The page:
BLOG: Children and Young People – Building emotional resilience and psychological wellbeing
School years are important for children and young people to develop social, emotional, knowledge and behaviours. These years are the most impressionable years in a young persons life. This period sets them up to determine how well they cope with their mental health and wellbeing into adulthood.
Building emotional resilience can help young people to cope and manage better with stressors in life. As a result of this, they will be able to bounce back from adversity, and ultimately this will help in preventing the development of mental health problems later in life.
A large amount of time is spent by young people in the classroom, schools can provide an ideal environment to promote good emotional wellbeing, identifying any early behaviour changes and stressors.
Stress in schools is a real problem. Young people worry about their home life or school life. In a survey conducted in 2016 by Association of Schools & College Leaders & National Children’s Bureau, it was found that over 90% of school leaders reported a rise in the number of students experiencing anxiety or stress and low mood or depression, over the last few years.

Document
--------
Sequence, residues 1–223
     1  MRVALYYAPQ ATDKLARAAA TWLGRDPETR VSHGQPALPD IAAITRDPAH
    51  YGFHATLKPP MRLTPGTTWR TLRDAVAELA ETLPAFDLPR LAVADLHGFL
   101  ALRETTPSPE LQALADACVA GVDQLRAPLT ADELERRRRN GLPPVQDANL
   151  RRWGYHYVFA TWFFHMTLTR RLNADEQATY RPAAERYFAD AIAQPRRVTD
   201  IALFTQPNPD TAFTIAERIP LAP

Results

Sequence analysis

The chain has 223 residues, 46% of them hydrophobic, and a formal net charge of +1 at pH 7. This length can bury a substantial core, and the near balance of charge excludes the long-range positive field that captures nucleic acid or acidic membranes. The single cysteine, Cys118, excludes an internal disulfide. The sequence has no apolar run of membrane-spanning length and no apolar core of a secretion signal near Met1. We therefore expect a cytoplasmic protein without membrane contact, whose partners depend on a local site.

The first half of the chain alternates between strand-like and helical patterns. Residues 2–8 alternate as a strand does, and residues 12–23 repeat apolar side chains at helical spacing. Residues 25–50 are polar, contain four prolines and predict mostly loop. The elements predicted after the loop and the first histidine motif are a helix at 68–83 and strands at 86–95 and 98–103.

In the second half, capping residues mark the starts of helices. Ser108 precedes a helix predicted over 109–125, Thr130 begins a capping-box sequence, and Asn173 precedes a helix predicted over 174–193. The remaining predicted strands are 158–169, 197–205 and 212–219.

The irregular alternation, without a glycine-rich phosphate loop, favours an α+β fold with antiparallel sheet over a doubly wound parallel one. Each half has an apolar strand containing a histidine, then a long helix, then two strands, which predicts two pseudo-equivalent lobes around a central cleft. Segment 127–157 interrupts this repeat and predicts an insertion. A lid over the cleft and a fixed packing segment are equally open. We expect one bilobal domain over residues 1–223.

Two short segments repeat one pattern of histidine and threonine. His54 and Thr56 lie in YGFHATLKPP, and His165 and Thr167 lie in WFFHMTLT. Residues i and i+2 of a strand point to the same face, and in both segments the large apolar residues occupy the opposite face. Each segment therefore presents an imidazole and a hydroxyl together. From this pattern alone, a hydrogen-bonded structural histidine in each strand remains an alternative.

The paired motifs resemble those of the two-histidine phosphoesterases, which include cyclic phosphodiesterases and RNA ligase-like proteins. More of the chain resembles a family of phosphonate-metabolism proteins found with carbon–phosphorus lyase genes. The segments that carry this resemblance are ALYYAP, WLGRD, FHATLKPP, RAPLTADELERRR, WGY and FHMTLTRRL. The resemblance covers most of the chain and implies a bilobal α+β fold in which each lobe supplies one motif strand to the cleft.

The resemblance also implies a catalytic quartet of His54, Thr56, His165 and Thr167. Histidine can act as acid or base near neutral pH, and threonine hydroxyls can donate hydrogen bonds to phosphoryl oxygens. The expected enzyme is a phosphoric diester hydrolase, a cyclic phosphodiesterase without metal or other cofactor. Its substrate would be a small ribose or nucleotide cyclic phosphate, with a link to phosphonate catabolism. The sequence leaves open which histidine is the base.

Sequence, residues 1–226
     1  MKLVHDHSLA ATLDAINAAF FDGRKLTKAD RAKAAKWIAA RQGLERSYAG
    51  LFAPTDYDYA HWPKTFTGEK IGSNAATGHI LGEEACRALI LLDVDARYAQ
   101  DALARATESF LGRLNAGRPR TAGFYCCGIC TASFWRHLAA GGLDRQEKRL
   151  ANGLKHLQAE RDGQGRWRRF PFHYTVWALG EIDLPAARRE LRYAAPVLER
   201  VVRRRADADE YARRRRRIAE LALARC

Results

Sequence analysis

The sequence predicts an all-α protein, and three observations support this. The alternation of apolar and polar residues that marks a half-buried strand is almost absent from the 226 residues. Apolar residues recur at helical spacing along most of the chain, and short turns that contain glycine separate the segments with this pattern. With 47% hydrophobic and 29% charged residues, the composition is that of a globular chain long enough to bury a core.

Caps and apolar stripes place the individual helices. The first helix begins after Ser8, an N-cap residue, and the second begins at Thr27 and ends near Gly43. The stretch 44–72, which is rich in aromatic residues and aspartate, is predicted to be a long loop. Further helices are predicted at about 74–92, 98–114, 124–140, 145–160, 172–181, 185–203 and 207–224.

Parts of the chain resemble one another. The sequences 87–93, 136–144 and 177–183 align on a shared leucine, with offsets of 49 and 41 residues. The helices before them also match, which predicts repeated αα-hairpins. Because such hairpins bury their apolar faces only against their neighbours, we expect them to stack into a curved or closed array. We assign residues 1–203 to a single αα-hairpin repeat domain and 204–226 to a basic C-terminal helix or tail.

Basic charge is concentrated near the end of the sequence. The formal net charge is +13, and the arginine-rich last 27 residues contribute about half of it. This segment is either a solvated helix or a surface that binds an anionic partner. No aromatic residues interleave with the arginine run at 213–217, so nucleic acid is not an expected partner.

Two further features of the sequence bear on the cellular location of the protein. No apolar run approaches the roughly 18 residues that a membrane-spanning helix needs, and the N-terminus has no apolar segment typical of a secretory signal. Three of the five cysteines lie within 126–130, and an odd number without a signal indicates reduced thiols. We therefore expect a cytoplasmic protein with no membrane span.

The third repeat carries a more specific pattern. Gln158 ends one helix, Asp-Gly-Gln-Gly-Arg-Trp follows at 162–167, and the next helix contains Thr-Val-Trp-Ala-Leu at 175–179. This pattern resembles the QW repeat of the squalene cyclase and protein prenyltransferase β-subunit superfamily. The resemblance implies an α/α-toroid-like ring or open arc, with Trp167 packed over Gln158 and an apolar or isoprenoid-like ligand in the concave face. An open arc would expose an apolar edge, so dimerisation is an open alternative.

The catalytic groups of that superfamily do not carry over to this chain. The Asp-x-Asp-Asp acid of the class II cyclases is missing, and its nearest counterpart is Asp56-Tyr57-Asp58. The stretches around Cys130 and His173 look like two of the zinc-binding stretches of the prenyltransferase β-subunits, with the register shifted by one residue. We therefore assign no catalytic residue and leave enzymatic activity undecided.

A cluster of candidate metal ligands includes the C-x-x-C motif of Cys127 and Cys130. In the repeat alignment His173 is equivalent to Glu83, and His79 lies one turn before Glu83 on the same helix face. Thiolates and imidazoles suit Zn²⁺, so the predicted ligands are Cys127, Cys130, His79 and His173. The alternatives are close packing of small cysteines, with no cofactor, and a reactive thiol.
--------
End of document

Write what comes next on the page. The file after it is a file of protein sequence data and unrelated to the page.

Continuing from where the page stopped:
Students need education to include how to understand and look after their mental health – just like we learn how to look after our physical health. By shifting the focus to preventing mental health problems and building resilience we can do so much to improve the lives of so many. Good emotional wellbeing on leaving school has a much greater impact on life outcomes than exam success.
Currently, only one in four children are able to access the Child and Adolescent Mental Health Services (CAMHS). As there is an increase in the demand for specialist mental health services, the NHS is struggling to meet this demand. The lack of capacity leads to increase in waiting times or higher thresholds for children and young people to access these services. The help to children and young people is simply coming too late.
In 2015/2016, Childline had 50,819 counselling sessions with children and young people worried about suicidal feelings, self-harm, mental health or depressive disorders. Rates of depression and anxiety for young people have increased by 70% in the past 25 years.
Early education and support in schools, support through psycho-education for parents and offering alternatives such as various therapies for children and young people, can all help to build the emotional resilience and mental wellbeing.
Evidence shows that these mental health initiatives can lead to significant improvements in the children’s mental health, reduction in absence, truancy, anxiety, depression and bullying.
There needs to be a greater focus on the early identification of problems, early intervention and more preventative work to be done to address the growing problem of children and young people’s mental health.